The economy of the 21st Century is built on a foundation of knowledge and information sharing. For companies, this accumulated knowledge is stored in vast computer data centers.
Not only do these data centers store data and network-computer and information systems, but in the case of FedEx, data centers also help manage a complex worldwide operation enabling customers to ship a package anywhere in the world, typically in one to three business days.
A major operational and environmental cost of running these data centers is the vast amount of energy that these centers consume. According to the U.S. Environmental Protection Agency (EPA), in 2007, data centers accounted for approximately 1.5 percent of all electricity used in the United States. That number is expected to double by 2011.
As a participating host company in this year’s EDF Climate Corps program, FedEx hired two fellows to spend the summer examining energy usage throughout FedEx data centers. One of our projects has been to identify a certification program that would recognize the energy efficiency practices already in place at FedEx, while still helping the company set and design a strategy to meet future energy goals.
With FedEx’s rollout of the EarthSmart program in April, a great opportunity to amplify the ongoing efforts of an already energy-conscious organization has arisen. One certification program that we’ve been researching is EPA’s Energy Star Program since it unveiled its initiative for data centers last month.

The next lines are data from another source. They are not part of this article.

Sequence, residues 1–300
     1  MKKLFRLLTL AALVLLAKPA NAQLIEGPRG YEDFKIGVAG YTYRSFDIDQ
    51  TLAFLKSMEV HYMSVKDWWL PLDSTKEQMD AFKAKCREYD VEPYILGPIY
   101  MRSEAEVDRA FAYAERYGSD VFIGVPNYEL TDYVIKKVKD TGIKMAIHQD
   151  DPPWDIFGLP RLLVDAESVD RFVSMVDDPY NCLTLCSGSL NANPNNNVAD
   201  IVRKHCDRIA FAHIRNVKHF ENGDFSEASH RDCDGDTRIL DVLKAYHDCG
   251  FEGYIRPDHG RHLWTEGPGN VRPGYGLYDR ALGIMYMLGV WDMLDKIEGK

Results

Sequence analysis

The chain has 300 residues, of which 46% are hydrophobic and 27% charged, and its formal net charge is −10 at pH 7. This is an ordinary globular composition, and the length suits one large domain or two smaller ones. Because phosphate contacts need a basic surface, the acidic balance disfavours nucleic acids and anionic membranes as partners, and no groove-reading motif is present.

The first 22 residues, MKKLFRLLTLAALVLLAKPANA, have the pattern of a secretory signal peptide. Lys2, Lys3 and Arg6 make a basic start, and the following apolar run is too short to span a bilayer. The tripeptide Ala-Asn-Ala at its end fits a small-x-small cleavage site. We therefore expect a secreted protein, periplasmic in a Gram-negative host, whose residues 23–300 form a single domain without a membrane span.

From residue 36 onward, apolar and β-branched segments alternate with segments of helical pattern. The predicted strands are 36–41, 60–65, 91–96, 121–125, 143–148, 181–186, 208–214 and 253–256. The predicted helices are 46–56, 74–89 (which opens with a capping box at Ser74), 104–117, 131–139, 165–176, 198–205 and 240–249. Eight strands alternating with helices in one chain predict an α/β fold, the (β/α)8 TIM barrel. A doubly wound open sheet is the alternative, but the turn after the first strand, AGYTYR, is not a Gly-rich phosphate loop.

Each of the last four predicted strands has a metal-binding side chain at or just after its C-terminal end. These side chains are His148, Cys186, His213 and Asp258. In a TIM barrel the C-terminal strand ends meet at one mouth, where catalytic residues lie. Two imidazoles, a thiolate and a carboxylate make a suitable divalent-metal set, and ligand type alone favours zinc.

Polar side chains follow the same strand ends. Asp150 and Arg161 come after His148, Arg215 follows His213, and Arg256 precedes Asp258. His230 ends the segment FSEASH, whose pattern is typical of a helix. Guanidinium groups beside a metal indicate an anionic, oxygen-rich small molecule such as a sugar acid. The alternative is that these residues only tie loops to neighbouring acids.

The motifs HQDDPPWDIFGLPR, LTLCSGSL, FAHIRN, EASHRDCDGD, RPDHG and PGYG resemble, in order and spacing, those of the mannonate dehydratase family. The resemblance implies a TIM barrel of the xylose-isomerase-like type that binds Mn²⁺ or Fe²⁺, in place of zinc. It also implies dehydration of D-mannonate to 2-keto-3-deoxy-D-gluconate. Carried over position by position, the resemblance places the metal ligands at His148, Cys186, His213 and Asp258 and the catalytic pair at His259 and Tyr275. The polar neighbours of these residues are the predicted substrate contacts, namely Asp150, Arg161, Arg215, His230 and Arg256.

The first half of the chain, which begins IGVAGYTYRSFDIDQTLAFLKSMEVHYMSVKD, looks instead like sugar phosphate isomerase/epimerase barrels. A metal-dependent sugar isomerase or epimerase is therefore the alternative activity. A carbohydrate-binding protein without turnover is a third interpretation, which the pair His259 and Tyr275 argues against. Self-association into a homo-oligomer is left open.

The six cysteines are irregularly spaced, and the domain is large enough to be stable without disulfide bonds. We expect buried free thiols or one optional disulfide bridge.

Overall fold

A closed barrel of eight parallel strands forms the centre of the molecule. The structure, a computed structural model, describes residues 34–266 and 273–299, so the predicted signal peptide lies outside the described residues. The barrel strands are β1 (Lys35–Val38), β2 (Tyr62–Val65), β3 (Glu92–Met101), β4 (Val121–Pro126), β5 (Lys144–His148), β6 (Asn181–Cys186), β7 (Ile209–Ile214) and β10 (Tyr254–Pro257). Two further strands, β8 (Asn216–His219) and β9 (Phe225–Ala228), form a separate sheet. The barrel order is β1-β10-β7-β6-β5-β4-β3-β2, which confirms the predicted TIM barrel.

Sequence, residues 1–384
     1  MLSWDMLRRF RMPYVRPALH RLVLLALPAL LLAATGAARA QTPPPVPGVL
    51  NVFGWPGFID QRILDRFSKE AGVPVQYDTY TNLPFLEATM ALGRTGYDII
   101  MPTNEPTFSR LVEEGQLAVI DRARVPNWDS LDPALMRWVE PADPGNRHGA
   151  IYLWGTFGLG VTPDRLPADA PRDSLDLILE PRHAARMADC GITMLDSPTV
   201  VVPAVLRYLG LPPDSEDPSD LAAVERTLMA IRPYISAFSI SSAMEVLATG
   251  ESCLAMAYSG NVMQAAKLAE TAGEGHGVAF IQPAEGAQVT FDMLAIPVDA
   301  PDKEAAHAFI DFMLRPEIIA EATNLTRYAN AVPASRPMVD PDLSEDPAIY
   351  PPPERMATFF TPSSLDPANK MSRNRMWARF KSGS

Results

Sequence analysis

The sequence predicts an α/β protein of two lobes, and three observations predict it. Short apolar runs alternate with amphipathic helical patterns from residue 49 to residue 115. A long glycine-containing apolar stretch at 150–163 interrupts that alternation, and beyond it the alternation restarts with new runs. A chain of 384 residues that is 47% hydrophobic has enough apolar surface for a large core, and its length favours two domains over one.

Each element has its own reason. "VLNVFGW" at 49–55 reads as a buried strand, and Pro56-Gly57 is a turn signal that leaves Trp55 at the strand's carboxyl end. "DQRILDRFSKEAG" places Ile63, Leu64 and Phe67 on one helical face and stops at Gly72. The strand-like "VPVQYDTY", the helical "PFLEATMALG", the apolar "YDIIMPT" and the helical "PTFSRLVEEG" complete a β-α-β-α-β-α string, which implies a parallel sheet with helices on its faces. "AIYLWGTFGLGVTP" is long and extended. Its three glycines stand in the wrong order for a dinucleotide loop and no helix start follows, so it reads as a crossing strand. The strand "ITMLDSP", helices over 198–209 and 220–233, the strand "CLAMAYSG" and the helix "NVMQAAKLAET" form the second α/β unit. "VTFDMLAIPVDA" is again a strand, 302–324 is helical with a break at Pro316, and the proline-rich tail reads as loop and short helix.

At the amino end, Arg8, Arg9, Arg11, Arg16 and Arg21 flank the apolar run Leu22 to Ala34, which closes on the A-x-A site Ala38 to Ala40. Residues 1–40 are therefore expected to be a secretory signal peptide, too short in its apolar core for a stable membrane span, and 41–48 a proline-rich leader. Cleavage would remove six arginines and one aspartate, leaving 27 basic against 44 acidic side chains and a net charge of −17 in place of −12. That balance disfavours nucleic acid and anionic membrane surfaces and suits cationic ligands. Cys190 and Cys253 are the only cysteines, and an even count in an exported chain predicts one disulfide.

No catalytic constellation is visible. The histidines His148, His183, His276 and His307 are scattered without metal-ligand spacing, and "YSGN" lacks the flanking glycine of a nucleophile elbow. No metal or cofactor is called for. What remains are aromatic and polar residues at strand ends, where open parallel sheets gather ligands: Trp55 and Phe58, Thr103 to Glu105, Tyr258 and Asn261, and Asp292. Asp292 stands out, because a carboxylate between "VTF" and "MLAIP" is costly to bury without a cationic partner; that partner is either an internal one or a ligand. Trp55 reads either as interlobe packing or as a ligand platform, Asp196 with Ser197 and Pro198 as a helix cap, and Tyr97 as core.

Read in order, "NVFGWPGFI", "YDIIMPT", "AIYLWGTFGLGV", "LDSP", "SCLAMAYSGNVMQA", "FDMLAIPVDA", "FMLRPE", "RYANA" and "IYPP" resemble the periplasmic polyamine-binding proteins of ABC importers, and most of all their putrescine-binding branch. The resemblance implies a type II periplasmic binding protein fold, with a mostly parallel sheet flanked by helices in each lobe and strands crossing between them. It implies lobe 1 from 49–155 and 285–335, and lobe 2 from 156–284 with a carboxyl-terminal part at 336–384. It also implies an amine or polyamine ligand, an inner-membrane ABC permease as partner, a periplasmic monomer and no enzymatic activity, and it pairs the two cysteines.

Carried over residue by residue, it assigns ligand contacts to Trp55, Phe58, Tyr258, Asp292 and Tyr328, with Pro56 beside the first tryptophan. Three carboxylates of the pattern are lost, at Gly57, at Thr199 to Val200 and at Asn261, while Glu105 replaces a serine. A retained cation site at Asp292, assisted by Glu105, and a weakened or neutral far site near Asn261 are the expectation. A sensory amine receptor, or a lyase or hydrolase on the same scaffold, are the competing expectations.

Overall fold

Started in 1992, the EPA’s Energy Star program has a long history of increasing consumer awareness about energy-saving products. The Energy Star label graces everything from energy-efficient washers and dryers, to refrigerators and new HD televisions. By partnering with a variety of organizations and developing metrics that can be applied fairly across an industry, Energy Star has developed strong credibility with consumers and garnered voluntary participation from more than 17,000 public and private organizations across the country.
What does Energy Star Know About Buildings?
Originally applied to electronics and appliances, Energy Star’s movement into evaluating building performance has greatly expanded the program’s reach. Although the U.S. Green Building Council’s LEED certification process has traditionally been the standard for measuring the greenness of structures, Energy Star focuses on one critical life cycle cost that can often be undervalued in the existing LEED standards: energy use. Energy Star has already certified more than 10,000 buildings and plants, including other heavy energy consumers such as hospitals, hotels and grocery stores.
Recognizing the large energy footprint of data center operations, Congress directed the EPA to evaluate the inclusion of data centers in its Energy Star program in 2007. The EPA recently expanded the Energy Star certification program to include data centers on June 7.
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